The Chancellor's announcement on the 5th of October at the Conservative Party Conference in relation to business rate devolution took many by surprise and has since received considerable attention in the press over the last few weeks. This was then followed by John Swinney announcing at the SNP conference that local authorities in Scotland would also be given the power to cut business rates by the end of October 2015. The Chancellor of the Exchequer, has proclaimed that, no longer will local authorities, and the local areas they represent, have to march to Central Government with a begging bowl for handouts. Two dichotomous trends are prevalent in recent commentaries. The first is positive; some local authorities and pressure groups have generally welcomed the announcement as an opportunity for local authorities to stand on their own two feet and exploit their local wealth. The second is more circumspect, concerning the potential impact of the 2020 changes, in relation to equality between areas and the potential race to the bottom following the announcement that local authorities will be able to reduce the business rate multiplier at the local level.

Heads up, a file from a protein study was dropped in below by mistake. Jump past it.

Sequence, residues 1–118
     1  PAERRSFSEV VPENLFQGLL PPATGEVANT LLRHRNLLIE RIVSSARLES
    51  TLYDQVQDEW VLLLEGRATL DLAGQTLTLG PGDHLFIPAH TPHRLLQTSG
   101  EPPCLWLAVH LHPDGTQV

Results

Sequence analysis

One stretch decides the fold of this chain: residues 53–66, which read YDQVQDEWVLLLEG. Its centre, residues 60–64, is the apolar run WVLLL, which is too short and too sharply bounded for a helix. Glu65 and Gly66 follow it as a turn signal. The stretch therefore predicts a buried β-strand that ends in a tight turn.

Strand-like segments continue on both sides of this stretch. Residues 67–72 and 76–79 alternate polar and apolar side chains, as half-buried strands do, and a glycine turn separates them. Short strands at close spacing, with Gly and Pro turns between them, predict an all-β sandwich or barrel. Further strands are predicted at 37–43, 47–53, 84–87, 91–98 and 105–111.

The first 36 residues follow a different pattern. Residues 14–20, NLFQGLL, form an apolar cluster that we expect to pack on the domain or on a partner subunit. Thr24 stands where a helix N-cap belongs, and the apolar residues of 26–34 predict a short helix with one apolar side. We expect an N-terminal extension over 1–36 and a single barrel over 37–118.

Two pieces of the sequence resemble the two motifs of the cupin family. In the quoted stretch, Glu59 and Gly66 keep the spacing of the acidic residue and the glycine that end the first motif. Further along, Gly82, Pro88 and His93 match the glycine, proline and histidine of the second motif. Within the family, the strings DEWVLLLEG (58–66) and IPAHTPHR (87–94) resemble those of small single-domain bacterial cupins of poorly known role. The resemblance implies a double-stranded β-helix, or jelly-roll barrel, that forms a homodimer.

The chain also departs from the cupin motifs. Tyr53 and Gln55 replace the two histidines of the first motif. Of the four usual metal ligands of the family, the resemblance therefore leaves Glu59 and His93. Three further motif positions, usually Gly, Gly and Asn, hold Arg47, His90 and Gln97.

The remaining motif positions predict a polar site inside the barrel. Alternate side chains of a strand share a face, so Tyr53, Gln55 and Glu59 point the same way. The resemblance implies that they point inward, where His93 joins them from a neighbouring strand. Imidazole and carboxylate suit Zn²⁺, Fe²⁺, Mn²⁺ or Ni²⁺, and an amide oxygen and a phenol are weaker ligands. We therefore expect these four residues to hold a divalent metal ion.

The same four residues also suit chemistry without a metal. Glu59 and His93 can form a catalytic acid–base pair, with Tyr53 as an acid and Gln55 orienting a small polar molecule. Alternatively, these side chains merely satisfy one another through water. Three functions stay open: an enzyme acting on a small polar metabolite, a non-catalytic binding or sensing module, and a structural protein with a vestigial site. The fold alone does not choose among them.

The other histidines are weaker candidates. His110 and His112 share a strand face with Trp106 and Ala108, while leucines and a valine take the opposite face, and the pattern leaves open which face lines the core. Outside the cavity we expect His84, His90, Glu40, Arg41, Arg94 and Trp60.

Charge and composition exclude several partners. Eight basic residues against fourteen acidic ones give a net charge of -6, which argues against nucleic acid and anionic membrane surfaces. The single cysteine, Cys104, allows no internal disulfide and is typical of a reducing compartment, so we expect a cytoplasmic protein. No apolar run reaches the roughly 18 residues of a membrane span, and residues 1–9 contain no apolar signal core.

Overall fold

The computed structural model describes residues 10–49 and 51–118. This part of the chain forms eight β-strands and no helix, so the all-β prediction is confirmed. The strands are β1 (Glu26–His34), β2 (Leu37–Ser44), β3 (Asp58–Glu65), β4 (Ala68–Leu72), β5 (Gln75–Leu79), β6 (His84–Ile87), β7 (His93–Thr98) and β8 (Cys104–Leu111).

Increasingly, local authorities are being asked to stand on their own two feet and fund welfare provision, economic development and urban regeneration themselves. Mirroring developments in Western Europe and North America, urban policy is increasingly fragmented, dispersed and financialised.
The opportunity for new financial powers and fiscal decentralisation has been welcomed by some civic leaders in the UK as an opportunity for territorial freedom, governance and power. What these leaders want is power and the roll back of centuries of centralised government, echoing the level of subsidiarity seen in most of Europe and North America.
However, findings from a research project I’ve undertaken with Paul Greenhalgh at R3intelligence, based at Northumbria University, suggest enhanced power for local authorities also brings with it certain risks in uncharted territory. This is because recent forays into fiscal decentralisation have coincided with unprecedented levels of austerity and local authority cuts.